How come "short" (eg 80 bit) MACs are regarded to be safe?

I‘ve got two questions:

  1. Why are much shorter output lengths of, e.g 80 bits, sufficient for MACs ?
  2. Assume a message $x$ that is sent in clear together with its MAC over the channel: $(x,MAC_k(x))$. What does Oscar have to do to attack this system?

I think I can answer the first question: it’s because of the Birthday Paradox But for the second, I don´t know how to start. It’s not given how the MAC is calculated. I could do a secret pre- or suffix attack ?


But for the second, I don´t know how to start.

I won't give you the answer (this is homework; you won't learn as much if I just give you the answer); I will give you hints.

It’s not given how the MAC is calculated.

No, but for this question, we assume that the attacker knows what the MAC is; he just doesn't know the key. We also assume that he knows the correct MAC for a number of different messages (actually, we assume that the attacker can ask for a MAC for messages of his choosing; that ability won't help you in this attack).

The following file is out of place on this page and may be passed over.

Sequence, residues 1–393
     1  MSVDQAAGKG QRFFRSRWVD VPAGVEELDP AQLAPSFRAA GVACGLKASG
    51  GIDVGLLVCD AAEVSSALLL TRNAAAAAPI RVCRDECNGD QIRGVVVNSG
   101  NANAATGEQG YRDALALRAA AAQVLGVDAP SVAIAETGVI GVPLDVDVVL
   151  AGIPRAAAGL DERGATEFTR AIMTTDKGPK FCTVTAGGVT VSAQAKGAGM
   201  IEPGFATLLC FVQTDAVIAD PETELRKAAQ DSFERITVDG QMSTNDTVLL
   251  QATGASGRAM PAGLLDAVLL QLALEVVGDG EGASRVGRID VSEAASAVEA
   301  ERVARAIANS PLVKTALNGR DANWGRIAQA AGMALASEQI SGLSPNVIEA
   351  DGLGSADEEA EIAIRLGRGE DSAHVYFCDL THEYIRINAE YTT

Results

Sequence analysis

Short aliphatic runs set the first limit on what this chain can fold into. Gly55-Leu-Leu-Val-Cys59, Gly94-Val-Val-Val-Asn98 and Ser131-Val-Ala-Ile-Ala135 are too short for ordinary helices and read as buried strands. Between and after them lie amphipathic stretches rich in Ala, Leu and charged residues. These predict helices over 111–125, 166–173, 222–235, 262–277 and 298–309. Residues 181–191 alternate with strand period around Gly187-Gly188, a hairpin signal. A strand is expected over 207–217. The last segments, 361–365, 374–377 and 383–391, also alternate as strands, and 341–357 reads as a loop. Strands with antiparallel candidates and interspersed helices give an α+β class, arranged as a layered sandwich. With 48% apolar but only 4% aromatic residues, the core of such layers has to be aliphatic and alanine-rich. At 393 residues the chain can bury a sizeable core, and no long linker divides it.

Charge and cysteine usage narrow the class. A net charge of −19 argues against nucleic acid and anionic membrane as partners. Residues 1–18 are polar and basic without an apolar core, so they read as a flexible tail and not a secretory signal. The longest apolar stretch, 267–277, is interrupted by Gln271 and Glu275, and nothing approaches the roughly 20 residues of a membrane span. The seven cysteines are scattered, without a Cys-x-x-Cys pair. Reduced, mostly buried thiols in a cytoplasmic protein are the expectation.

What does that mean? Well, it means that, for the purpose of this question, we treat the MAC as a black box; the attacker can (to his heart's content, up to the limits of the computational resources he has on hand) generate keys and messages and compute what the MAC would be for that key.

So, with those capabilities, our attacker's job is to get a (message, MAC) pair accepted, for a message he hasn't seen (he's not allowed to submit one of the (message, MAC) pairs he's already been given). How can he do that?

Hint: there are two basic ways the attacker can proceed; one involves his use of the black box, and one does not.

Category: hash Time: 2016-07-29 Views: 0
Tags: hash mac

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